For those readers who aren't ecologists, I should explain what a litterbag is. It is a simple device for measuring the decomposition rate of biomass. It is a small mesh bag (usually made of material with ~1 mm holes, such as you might use for a window screen or a mosquito net). Inside the bag is placed a known mass of plant material - leaves, twigs, or whatever is of interest in your ecosystem. The bag is sewn up, so that none of the contents can fall out; it is then returned to the environment (either at the soil surface, or shallowly buried). Moisture, nutrients, and soil organisms can pass through the mesh, but large pieces of biomass cannot. As the litter decomposes, it gradually disappears from the litterbag.
A litterbag is left in place for a specified period of time, then exhumed and opened. The contents are carefully scraped out, cleaned of any dirt, dried, and weighed. Comparing the pre-burial weight with the post-burial weight tells you how much decomposition has taken place.
I placed a series of litterbags (with Gliricidia leaves) in MZ12 last April because I wanted to see if the drought treatment decreased decomposition rates. It did! Look, here are some nifty data that I got from the first set of litterbags, which I unburied after four weeks:
But the other set of litterbags was still in the ground. When I buried them under the ridges in April, I carefully left an emergent string with a bright orange tag, so that I could find them again. If those strings and tags had gotten buried during land preparation - well, I'd have to dig up the entire plot to find the litterbag, and that was far too destructive to be worthwhile.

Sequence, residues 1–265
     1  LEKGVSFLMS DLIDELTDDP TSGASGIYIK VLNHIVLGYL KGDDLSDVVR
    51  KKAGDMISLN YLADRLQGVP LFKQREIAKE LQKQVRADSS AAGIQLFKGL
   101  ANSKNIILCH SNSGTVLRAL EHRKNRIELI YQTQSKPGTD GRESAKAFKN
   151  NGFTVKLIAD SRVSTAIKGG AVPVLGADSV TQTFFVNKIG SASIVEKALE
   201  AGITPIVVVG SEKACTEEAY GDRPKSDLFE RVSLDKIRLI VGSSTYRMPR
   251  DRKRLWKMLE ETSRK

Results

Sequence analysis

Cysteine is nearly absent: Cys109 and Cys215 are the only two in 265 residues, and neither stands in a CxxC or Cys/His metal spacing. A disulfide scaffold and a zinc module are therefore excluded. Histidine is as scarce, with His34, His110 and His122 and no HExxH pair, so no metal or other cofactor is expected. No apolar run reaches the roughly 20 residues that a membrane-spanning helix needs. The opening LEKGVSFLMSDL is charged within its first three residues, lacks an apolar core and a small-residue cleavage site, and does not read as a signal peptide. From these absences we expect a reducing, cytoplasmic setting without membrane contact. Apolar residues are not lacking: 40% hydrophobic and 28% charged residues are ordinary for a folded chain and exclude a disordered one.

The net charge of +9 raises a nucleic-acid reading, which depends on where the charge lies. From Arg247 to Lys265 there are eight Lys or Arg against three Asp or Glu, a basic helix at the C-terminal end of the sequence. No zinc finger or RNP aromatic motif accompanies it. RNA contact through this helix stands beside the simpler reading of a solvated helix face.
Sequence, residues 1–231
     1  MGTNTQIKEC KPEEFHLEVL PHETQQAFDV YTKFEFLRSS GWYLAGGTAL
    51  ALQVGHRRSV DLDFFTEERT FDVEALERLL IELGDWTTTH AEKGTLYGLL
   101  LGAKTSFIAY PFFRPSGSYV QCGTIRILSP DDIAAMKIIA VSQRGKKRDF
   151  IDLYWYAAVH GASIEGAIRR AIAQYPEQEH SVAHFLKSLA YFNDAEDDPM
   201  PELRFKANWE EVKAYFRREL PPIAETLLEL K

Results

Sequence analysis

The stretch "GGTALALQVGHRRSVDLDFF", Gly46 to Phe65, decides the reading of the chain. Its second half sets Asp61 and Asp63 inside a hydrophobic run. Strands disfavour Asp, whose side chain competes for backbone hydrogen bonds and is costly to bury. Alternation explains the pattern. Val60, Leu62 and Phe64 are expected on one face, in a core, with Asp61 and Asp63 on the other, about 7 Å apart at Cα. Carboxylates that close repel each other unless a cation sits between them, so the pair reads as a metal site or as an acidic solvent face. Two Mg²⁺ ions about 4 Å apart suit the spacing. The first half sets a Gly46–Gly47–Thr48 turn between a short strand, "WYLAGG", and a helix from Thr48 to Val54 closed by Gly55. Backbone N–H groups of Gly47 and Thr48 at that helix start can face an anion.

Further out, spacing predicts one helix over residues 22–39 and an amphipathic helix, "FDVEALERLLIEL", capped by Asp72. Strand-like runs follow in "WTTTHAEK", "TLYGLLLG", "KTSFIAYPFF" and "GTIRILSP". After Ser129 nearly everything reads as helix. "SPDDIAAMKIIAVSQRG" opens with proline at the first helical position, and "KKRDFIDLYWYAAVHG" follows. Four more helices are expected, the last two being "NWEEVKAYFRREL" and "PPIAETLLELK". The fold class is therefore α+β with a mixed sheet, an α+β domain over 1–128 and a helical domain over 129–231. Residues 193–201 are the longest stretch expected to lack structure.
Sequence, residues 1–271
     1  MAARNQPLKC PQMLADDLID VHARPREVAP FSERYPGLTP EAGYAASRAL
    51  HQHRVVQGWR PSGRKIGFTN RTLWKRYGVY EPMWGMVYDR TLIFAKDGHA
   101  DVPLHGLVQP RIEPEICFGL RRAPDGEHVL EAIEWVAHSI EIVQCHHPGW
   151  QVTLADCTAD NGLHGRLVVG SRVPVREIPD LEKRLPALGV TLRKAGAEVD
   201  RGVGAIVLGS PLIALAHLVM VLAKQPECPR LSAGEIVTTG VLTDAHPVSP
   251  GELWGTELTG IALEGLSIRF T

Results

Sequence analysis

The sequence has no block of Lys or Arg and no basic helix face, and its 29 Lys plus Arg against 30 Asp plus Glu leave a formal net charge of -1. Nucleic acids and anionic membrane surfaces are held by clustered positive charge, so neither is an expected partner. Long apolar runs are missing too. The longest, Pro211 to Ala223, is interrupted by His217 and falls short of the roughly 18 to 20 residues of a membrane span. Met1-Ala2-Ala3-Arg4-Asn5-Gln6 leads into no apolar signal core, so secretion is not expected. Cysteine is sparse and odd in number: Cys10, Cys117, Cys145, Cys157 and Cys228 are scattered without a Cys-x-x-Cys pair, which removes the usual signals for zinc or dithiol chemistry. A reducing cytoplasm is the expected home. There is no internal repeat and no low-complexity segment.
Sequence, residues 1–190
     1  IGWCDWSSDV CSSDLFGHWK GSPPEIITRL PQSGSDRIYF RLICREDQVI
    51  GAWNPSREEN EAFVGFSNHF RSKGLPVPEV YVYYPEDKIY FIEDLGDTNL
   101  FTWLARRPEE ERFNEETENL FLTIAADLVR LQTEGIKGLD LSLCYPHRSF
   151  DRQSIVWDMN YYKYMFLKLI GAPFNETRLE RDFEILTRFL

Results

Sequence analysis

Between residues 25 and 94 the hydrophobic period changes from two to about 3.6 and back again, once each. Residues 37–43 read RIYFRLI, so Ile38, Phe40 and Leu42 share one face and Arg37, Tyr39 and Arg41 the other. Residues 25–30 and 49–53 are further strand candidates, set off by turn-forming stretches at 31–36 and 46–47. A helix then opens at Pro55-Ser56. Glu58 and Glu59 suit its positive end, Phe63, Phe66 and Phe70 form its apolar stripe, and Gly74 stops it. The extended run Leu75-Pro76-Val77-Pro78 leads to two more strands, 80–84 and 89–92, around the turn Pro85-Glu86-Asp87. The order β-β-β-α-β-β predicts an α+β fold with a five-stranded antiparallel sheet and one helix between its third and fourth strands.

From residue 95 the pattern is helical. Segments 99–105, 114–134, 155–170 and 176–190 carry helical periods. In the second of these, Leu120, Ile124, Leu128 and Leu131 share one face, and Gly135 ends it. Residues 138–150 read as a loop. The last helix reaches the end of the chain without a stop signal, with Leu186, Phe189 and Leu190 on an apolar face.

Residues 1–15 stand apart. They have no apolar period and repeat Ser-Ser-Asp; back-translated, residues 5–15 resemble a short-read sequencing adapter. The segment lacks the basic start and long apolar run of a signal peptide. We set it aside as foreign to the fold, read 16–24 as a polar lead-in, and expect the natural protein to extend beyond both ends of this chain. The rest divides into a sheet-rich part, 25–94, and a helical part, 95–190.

To my pleasant surprise, I found the first two litterbags easily (not far from where I had buried them). Their corners were poking out of the ridges, and they were reasonably intact. But when I came to the third plot, I saw nothing. I walked up and down every row, scrutinising each clod, to no avail.
The fourth plot was equally fruitless, and the fifth, and the sixth. The scattered stems of dried grass looked too much like strings, and the curled brown leaves here and there looked too much like faded orange tags. The heat was oppressive, and the air was shimmering, and I began to feel like I was on a fool's errand. In the whole first replicate, I had only found two of my six bags.
The second two replicates were slightly more successful - I found about half the bags - but still, with that many data points missing, I wasn't going to get any meaningful statistics out of this set of litterbags. I felt surprisingly sanguine about it, considering how much time and effort I had invested in making these litterbags (it was a week-long project). Well, I would analyse these few surviving litterbags anyway, and at least I had gotten a full set in May.
* * * * *
It was now about twelve o'clock, still in the midst of lunch hour, so I didn't want to disturb the nursery staff. Instead, I decided to go to Nkula for a couple of hours and measure more seedlings. This I did. It was slow and uneventful work, and the day was very hot. Why was I not sitting in the shade somewhere drinking water or taking a nap? Crazy mzungu.
When two-thirty came around, I closed my notebook, slung my bag over my shoulder, and headed back to MZ12 to get my panga in preparation for making the swazi bed. I had just passed the main administration building when I noticed a small creature crawling across the driveway in front of me. It was nearly the colour of the ground, and moved with slow jerky steps. It was...
A chameleon! A little yellow-brown chameleon! It's not the first time I've seen a chameleon in Malawi, but it's the first time I've had my camera with me.
Look, here she goes across the road! She's going at top speed for a chameleon, which is almost as fast as top speed for a turtle:
I didn't want to let her get away before I took more photos, so I gently put my hand in her path. She crawled onto it, looking quizzical as she tried to figure out what kind of tree I was:
I don't know which feature of chameleons is more amazing: their eyes, or their hands. And I do mean "hands" instead of "feet"; their prehensile fingers wrap around whatever they encounter. As the chameleon crawled on me, her touch felt like the grasp of a tiny human baby.